Premium subscriptions actually spark full game sales and microtransaction earnings, analyst firm SuperData reports.
Publishers are all too happy to talk about digital earnings, engagement, and live services, but games-makers typically don't reveal specifics on their respective subscriptions. Major players like EA, Microsoft, and Sony are pushing deeper into subscriptions with initiatives like EA Access Premiere, Xbox Game Pass, and PlayStation Now, and these premium services are having a surprising effect: catalyzing game and digital content purchases.
Before we get into why this is happening, let's take a quick look at the figures from SuperData's latest report. In Q3 2018 (July thru Sept.), premium game subscriptions raked in $273 million across consoles and PC. PlayStation Now actually pulled in the lion's share of earnings at $143 million, or a whopping 52% of the pie. This makes sense given the PS4's massive 85 million strong install base, and the service's recent addition of game downloads.
Here's a quick breakdown of how much each subscription earned in calendar Q3'18:
- PlayStation Now: $143 million, 52% of earnings
- EA Access: $43.68 million, 16% of earnings
- Xbox Game Pass: $40.95 million, 15% of earnings
- Origin Access Premiere: $24.57 million, 9% of earnings
- Origin Access: $21.84 million, 8% of earnings
Now let's take a look at why this is happening, and what it means for the industry.
Subscriptions are digital-based and gamers who buy into the ecosystem are much more likely to stay within the online framework, which offers direct avenues to DLC, additive content, microtransactions, and add-ons. Subscriptions at their core are built around engagement insofar as pushing gamers towards a constant stream of games; there's always content to interact with, and in today's live service landscape, spend more money on.
In a very real sense these subscriptions are both a gateway and a destination to a deeply engagement-driven market.
Take Microsoft's Xbox Game Pass, for instance, which offers multiple first-party games that are monetized with various microtransaction spending opportunities.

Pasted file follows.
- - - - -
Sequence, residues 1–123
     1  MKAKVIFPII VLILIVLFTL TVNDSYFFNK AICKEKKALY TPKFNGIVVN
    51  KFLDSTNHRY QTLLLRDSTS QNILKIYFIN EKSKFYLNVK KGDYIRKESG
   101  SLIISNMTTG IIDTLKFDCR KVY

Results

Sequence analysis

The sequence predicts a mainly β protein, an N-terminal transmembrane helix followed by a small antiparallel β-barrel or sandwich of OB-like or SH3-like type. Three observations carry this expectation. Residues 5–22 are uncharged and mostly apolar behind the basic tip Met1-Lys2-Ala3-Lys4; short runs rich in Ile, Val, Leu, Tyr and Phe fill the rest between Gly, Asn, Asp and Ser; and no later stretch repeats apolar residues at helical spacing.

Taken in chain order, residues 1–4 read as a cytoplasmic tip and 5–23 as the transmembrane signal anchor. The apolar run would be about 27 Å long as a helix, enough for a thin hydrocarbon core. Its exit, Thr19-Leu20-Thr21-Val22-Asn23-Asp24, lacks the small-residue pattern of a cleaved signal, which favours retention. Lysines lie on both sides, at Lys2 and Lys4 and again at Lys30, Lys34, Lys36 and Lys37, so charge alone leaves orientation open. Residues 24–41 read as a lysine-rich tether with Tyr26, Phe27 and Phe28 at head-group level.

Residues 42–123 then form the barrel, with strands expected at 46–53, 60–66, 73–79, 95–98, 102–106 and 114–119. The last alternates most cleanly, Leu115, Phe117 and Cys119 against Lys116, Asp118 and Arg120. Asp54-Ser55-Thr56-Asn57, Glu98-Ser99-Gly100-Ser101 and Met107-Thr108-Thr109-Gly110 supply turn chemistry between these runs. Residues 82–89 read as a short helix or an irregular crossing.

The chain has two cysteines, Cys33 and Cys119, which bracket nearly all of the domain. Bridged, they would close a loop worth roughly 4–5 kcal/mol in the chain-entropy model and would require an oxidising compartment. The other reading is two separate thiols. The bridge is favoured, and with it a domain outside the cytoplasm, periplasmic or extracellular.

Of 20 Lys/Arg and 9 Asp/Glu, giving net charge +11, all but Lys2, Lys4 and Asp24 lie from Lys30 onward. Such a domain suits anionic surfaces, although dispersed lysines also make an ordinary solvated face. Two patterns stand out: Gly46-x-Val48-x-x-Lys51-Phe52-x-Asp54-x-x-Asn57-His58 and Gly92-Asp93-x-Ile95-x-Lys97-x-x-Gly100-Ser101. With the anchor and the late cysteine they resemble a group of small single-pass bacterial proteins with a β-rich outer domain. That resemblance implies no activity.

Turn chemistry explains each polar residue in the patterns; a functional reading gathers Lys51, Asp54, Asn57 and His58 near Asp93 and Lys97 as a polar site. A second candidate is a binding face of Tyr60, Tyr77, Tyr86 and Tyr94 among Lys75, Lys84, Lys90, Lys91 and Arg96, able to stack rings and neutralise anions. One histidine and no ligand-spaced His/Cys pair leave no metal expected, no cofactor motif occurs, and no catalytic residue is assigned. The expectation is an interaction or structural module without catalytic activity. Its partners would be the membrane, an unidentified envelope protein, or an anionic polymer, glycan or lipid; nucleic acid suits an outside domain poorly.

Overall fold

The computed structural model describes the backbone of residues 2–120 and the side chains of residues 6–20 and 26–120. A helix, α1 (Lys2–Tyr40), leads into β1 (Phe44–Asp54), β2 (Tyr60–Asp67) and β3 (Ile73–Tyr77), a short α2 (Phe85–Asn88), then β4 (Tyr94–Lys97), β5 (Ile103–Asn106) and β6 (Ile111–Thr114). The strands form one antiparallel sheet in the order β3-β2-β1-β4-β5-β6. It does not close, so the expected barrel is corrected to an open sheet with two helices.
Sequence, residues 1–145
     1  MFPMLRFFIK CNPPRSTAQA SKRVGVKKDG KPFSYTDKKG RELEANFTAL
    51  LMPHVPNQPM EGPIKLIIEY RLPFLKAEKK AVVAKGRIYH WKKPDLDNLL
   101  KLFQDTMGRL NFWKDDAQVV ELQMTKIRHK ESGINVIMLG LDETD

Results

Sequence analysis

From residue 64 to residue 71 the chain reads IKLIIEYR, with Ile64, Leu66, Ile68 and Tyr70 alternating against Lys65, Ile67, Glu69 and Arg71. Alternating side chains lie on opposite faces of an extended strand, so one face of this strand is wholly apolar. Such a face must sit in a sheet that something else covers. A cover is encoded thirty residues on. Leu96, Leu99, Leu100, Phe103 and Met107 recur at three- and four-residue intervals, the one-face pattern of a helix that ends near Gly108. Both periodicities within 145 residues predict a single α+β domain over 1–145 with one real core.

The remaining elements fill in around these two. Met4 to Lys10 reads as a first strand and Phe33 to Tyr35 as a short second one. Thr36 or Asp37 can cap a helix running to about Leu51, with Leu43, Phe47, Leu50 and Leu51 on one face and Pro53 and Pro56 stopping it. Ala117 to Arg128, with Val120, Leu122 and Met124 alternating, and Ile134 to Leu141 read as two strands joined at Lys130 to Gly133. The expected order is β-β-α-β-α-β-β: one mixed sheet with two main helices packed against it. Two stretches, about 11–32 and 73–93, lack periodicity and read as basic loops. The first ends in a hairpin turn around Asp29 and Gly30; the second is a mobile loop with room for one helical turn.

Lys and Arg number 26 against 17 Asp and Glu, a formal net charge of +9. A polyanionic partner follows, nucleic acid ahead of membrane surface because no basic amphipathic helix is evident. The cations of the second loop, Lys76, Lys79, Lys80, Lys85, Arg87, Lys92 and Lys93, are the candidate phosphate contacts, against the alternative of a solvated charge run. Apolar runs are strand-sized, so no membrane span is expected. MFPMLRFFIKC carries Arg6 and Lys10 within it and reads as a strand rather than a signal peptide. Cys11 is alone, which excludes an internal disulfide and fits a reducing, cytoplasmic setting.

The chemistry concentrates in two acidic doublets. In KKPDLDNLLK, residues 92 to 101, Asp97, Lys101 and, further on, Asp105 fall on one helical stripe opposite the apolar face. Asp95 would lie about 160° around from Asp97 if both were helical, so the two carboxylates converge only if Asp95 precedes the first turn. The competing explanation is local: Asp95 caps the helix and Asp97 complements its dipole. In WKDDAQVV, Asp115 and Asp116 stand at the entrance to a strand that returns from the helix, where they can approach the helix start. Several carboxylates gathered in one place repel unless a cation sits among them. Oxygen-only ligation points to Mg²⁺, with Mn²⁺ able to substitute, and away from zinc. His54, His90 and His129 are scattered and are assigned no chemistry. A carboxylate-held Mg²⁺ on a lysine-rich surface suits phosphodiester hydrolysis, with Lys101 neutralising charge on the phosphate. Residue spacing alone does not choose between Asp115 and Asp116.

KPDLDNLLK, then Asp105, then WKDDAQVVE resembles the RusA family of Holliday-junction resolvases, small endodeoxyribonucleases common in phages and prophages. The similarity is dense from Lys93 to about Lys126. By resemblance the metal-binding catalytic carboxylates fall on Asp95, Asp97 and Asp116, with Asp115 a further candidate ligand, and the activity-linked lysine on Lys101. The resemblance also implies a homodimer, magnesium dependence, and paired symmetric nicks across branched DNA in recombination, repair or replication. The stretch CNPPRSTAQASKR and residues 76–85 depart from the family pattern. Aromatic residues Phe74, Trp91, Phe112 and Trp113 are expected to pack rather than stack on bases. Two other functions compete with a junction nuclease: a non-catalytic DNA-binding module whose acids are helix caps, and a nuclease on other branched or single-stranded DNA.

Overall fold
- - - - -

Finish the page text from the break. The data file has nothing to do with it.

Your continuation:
These subscriptions also organically spark full game sales. Subscriptions are a kind of rental service and gamers are keen to own titles they enjoy playing--especially if they're properly engaged within the business model. Microsoft noted this effect when Game Pass launched.
As a result, SuperData has found gamers who subscribe to services like PS Now, Game Pass, and Origin Access are much more likely to buy new games as well as spend on microtransactions.
"SuperData estimates that subscribers spend 45% more for games upfront than non-subscribers, and twice as much on in-game content when compared to non-subscribers. Cosmetics, Season Passes, and Battle Passes are the most popular in-game purchases among subscribers," the company wrote in its latest report.
This is fully by design and these online services have been specifically tuned to organically feed into one another in a synergistic mutualism of revenue generation. Each facet is just part of the whole that work in tandem with one another to keep players playing and paying over periods of time, and even if subscriptions lapse, full game sales may increase.
Both Sony and Microsoft are deep into subscription models--most of Sony's quarterly earnings come from its Games and Network Services, whereas Microsoft is mostly focused on targeted engagement models in the Xbox LIVE storefront and framework--but EA's splash into the market could signal big moves on the horizon.
Activision-Blizzard could jump into the mix at some point, ditto with Ubisoft and Take-Two Interactive. When that happens the industry could see more waves towards the digital-driven age of gaming.
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